I think my Gibson "Tele" has a lot of potential. The problem is I bought it mail order (it was the only one for sale at the time) and the dealer shipped it out to me without a full setup (which I would have paid for). I think it's fairly typical of new Gibsons, but tuning is very unstable, and I worked out that it probably needed a new nut etc. There aren't any good luthiers near me, but I thought I'd found a good one who'd moved to a town about 130 miles away, so I took it down to him. It turned out he didn't replace or dress the nut, and it's still not set up the way I'd like (with a higher action and heavier strings). I'll just need to find someone else to work on it - I might get to a city over Christmas.

I've listened to a rough test recording I made a few months ago I think it will record very well if I can get it sorted. It has a lot of resonance which gets picked up when recording.
Old 1 week ago
  #12
Lives for gear
 
chrischoir's Avatar
 

Quote:
Originally Posted by deejayen View Post
I'm thinking about buying a new guitar for recording. I play mainly old-style country (slower melodic stuff with some pedal-steel type bends, and some very basic Chet Atkins style thrown in). I currently play a Yamaha Mike Stern Tele (ash body, maple neck, and with a '59 neck humbucker and Hot Rails bridge pickup). Strings are 11's. I also have a Gibson Les Paul Junior with ash body and maple neck and P90 pickups. I also have a more traditional Tele and Strat, but for some reason I never play them.

It always bugs me that getting guitars set up to play cleanly with good intonation and a decent tone isn't that easy. It doesn't bother me for normal playing, but when recording I'd like something which sounds really good. The problem is, I'm not really sure what sort of tone or guitar I'm looking for.

What sort of guitars might suit the stuff I play, yet play and sound blob-on? I'm wondering if I should stick to the Tele vibe, or go for something more off-the-wall. Maybe a semi-acoustic of some sort, or something basic which is really well built. I saw one internet retailer listing a Lowden GL-10 today, and thought that might be one (expensive) option, but the two sound-clips I heard made it sound maybe a bit too warm and jazzy.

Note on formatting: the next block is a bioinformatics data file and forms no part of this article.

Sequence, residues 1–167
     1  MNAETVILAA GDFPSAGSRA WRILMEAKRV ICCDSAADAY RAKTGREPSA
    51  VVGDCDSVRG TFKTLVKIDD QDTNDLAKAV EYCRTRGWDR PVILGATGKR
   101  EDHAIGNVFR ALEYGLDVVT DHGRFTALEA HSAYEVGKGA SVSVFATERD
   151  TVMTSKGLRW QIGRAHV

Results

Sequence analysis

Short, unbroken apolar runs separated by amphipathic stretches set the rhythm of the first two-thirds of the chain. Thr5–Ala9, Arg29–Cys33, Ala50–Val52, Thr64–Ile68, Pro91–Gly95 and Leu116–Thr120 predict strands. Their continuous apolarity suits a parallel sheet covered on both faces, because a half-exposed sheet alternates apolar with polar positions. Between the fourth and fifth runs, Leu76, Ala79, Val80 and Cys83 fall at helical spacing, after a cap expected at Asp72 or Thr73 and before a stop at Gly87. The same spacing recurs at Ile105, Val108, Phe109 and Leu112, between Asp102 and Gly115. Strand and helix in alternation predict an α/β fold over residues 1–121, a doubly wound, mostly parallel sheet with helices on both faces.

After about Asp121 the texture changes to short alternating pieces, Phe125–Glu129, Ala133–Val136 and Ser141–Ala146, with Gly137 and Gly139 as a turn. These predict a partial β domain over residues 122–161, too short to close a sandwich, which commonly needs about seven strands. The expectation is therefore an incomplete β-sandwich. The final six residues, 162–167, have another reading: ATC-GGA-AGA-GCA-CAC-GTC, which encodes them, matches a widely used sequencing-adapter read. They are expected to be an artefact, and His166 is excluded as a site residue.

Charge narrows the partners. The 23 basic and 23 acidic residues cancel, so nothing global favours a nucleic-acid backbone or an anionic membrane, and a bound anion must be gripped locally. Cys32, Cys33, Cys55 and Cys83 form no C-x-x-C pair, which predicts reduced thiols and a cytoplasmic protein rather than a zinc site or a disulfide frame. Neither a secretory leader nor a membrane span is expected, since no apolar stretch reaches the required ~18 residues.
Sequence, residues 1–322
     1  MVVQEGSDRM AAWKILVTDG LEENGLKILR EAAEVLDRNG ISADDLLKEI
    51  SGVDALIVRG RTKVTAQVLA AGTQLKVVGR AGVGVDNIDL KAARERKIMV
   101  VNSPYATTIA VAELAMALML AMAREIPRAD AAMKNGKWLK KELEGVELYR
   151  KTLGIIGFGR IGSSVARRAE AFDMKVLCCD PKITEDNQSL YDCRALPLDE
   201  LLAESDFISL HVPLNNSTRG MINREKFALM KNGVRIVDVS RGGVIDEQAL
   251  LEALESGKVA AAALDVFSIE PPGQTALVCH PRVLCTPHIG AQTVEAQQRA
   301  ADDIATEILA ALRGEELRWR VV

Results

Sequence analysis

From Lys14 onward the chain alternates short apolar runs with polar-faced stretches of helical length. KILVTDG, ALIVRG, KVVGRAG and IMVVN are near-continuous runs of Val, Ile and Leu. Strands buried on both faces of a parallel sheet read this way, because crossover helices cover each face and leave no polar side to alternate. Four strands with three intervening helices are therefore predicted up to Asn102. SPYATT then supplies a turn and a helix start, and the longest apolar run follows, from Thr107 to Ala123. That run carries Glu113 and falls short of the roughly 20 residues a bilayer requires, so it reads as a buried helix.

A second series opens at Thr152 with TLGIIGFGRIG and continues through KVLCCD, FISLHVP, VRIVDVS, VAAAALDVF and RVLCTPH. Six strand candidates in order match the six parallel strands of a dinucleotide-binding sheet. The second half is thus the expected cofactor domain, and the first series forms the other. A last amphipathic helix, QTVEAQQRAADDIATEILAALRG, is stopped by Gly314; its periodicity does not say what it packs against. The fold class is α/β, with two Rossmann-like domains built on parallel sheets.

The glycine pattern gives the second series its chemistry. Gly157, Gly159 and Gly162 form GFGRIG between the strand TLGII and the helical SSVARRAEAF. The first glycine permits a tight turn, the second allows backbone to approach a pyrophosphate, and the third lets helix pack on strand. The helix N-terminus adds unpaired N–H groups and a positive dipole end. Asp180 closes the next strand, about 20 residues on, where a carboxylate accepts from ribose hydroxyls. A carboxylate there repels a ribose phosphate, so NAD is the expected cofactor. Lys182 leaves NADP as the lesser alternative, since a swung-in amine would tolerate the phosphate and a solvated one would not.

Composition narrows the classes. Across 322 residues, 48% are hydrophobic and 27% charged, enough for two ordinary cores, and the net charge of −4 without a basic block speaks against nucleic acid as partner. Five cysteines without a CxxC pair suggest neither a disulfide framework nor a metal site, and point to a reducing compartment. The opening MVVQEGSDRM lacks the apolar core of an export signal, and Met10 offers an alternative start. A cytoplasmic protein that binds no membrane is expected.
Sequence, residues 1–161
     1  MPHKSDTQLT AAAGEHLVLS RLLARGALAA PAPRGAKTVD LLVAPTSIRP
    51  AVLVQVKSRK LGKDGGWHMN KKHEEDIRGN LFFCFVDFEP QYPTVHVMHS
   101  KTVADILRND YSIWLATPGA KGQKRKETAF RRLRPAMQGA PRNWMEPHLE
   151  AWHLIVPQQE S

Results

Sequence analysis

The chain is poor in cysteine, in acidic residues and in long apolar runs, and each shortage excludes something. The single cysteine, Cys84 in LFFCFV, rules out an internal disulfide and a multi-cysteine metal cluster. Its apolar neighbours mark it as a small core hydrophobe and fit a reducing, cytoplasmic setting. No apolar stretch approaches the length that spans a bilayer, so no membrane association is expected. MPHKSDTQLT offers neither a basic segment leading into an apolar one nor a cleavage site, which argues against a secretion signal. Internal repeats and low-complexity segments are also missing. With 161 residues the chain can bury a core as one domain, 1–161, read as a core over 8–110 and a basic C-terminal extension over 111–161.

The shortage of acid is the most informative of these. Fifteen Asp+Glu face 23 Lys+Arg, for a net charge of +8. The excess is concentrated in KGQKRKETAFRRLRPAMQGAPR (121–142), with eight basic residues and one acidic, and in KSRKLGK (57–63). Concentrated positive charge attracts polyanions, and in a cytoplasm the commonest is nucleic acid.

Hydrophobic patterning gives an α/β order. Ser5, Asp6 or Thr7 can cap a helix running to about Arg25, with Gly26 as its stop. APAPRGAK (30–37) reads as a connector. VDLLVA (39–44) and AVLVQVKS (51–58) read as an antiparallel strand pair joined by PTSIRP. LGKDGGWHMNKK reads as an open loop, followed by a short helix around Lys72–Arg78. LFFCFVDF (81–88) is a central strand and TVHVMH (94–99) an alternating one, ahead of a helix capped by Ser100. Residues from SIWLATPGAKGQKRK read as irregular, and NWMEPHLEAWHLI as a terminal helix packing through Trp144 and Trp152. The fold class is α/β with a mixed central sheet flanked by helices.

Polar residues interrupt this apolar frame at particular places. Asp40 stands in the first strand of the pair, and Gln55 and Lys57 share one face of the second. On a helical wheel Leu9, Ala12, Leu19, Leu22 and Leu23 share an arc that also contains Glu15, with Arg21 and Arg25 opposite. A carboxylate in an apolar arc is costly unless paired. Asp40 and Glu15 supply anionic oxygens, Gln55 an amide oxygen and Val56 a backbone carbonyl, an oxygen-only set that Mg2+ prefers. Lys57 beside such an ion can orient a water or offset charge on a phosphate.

No doubt my 'problem' is probably to do with a lack of playing and recording skills, but this question is more about a new guitar for now!
It's tough get some guitar sound good in this regard. Especially bolt-ons since they neck usually has so much play. The easiest thing to do is just use more vibrato in your playing technique
Old 1 week ago
  #13
Gear Maniac
 

Maybe, you need a good amp, not a guitar.

Old 5 days ago
  #14
You might want to add a Gretsch of a Gibson jazz box to your collection. A lot of those old time country players used big fat Gibsons and Chet, of course, favored Gretsch.

You'll probably want an amp like an old Fender Super or Pro Reverb.
Old 5 days ago
  #15
Gear Guru
 
Brent Hahn's Avatar
 

Quote:
Originally Posted by John Eppstein View Post
You might want to add a Gretsch of a Gibson jazz box to your collection. A lot of those old time country players used big fat Gibsons and Chet, of course, favored Gretsch.

You'll probably want an amp like an old Fender Super or Pro Reverb.
Agreed on all counts. And just yesterday I worked with a guy who reinforced my opinion that for both cleans and pedals, the RI Princeton is very good.
Old 5 days ago
  #16
Lives for gear
 
Mikhael's Avatar
 

Quote:
Originally Posted by chrischoir View Post
It's tough get some guitar sound good in this regard. Especially bolt-ons since they neck usually has so much play. The easiest thing to do is just use more vibrato in your playing technique
If your bolt-on has play in the neck joint, there's something amiss. How many bolt-ons with Floyds are there, that stay rock-solid in tune? Thousands! That shouldn't be an issue.
Old 5 days ago
  #17
Gear Nut
 

I've got a Deluxe Reverb, which is great for clean.

I noticed when I got the Gibson that its set neck seems a lot more 'flexible' than any bolt-on neck I've played.